2. If anyone asserts that the transgression of Adam injured him alone and not his posterity, and that the holiness and justice which he received from God, which he lost, he lost for himself alone and not for us also; or that he, being defiled by the sin of disobedience, has transfused only death and the pains of the body into the whole human race, but not sin also, which is the death of the soul, let him be anathema, since he contradicts the Apostle who says:

'By one man sin entered into the world and by sin death; and so death passed upon all men, in whom all have sinned.' [Vulgate Romans 5:12]

3. If anyone asserts that this sin of Adam, which in its origin is one, and by propagation, not by imitation, transfused into all, which is in each one as something that is his own, is taken away either by the forces of human nature or by a remedy other than the merit of the one mediator, our Lord Jesus Christ, who has reconciled us to God in his own blood, made unto us justice, sanctification and redemption; or if he denies that that merit of Jesus Christ is applied both to adults and to infants by the sacrament of baptism rightly administered in the form of the Church, let him be anathema; for there is no other name under heaven given to men, whereby we must be saved."

"5. If anyone denies that by the grace of our Lord Jesus Christ which is conferred in baptism, the guilt of original sin is remitted, or says that the whole of that which belongs to the essence of sin is not taken away, but says that it is only canceled or not imputed, let him be anathema."
« Last Edit: August 11, 2012, 02:03:14 PM by NicholasMyra »
Quote from: Fr. Thomas Hopko, dystopian parable of the prodigal son
...you can imagine so-called healing services of the pigpen. The books that could be written, you know: Life in the Pigpen. How to Cope in the Pigpen. Being Happy in the Pigpen. Surviving in the Pigpen. And then there could be counselling, for people who feel unhappy in the pigpen, to try to get them to come to terms with the pigpen, and to accept the pigpen.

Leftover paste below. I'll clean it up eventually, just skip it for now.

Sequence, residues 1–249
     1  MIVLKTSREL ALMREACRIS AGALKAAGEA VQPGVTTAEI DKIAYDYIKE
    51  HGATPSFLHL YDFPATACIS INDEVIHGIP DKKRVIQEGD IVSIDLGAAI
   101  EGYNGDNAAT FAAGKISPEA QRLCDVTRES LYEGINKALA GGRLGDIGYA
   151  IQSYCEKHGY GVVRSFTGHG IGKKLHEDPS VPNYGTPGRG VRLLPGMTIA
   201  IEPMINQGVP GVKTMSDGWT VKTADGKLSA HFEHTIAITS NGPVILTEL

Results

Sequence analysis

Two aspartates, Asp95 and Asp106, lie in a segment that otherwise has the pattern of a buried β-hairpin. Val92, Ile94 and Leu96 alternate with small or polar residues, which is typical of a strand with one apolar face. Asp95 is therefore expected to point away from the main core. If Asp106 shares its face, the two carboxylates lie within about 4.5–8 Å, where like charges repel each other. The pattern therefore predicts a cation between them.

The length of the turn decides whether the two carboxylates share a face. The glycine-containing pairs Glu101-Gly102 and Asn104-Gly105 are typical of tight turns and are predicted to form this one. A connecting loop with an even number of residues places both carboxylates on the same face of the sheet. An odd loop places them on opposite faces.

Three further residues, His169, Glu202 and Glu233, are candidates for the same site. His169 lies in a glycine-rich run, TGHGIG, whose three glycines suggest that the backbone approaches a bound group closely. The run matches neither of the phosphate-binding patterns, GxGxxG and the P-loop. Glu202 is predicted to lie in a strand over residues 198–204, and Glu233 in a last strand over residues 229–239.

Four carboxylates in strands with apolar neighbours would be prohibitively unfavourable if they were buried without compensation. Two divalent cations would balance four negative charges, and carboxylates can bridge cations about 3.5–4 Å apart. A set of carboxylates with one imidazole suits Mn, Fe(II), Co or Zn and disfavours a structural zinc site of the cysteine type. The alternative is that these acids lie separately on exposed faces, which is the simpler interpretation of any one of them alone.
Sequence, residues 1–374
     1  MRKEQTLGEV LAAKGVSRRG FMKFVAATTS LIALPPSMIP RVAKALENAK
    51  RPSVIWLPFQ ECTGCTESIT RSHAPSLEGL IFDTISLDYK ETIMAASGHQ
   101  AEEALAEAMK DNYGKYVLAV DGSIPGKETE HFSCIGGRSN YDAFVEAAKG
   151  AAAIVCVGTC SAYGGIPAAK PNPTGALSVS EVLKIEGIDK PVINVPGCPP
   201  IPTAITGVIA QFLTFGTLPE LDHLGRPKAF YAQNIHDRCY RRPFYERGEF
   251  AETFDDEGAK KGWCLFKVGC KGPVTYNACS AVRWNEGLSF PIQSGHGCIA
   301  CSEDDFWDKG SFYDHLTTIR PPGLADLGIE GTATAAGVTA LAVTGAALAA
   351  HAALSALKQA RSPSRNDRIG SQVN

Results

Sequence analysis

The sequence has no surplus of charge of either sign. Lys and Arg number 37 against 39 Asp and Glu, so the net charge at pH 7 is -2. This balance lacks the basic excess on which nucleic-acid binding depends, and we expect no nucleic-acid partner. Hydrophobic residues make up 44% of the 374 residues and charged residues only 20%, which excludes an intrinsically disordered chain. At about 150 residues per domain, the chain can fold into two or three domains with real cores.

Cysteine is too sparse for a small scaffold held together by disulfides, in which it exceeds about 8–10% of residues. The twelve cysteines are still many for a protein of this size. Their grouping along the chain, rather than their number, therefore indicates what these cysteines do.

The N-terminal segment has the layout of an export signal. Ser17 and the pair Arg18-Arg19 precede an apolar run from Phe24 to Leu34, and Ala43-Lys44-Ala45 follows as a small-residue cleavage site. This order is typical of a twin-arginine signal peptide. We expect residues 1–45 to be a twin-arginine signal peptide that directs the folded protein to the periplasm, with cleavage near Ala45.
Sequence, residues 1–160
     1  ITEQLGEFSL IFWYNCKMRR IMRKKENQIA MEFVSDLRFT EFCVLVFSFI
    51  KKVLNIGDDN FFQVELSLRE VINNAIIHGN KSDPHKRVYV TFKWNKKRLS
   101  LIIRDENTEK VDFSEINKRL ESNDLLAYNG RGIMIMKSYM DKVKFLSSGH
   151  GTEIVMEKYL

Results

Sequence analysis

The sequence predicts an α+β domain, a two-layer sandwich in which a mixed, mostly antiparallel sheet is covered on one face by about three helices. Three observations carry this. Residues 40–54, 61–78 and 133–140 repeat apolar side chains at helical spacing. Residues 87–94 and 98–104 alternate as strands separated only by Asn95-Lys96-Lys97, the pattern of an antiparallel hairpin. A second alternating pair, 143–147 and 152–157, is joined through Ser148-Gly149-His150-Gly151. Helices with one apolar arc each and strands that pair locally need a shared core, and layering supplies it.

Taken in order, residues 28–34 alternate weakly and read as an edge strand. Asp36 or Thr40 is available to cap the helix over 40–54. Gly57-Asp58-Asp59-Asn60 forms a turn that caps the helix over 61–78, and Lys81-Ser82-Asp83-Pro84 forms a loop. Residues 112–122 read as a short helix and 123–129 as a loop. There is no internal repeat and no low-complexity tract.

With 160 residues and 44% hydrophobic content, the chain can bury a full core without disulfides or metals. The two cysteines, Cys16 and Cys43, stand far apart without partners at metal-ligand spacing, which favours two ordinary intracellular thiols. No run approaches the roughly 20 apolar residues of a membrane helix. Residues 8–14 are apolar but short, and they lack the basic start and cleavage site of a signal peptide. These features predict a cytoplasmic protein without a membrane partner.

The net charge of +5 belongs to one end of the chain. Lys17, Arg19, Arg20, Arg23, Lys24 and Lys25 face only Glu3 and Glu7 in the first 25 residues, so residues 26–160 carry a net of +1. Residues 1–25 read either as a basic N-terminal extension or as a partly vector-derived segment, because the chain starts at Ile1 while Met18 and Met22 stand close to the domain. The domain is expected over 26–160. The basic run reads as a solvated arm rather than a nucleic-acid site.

Offline akimel

  • Fr Aidan
  • High Elder
  • ******
  • Posts: 523
    • Eclectic Orthodoxy
Re: Anti-Westernism as Rejection of Substitution/Satisfaction Theories?
« Reply #22 on: August 11, 2012, 02:32:21 PM »
Why is it, do you think, that when Orthodox polemicists speak of the "Western" doctrine of  original sin, they immediately invoke St Augustine and his notion that humanity is condemned by God to eternal perdition because of the sin of Adam?  One finds this repeated over and over again on the internet and even in the writings of Orthodox theologians who should know better.  Yet anyone who has the least bit of acquaintance with second millennium Latin theology knows that Augustine's notion of original guilt was replaced in Catholic theology
Psst...

There are these guys called Protestants out there...

Augustine's notion of original guilt was replaced in Catholic theology by the position of St Thomas Aquinas and St Bonaventure that original sin is the inherited privation of sanctifying grace

Someone better tell the Council of Trent:

"1. If anyone does not confess that the first man, Adam, when he transgressed the commandment of God in paradise, immediately lost the holiness and justice in which he had been constituted, and through the offense of that prevarication incurred the wrath and indignation of god, and thus death with which God had previously threatened him, and, together with death, captivity under his power who thenceforth had the empire of death, that is to say, the devil, and that the entire Adam through that offense of prevarication was changed in body and soul for the worse, let him be anathema.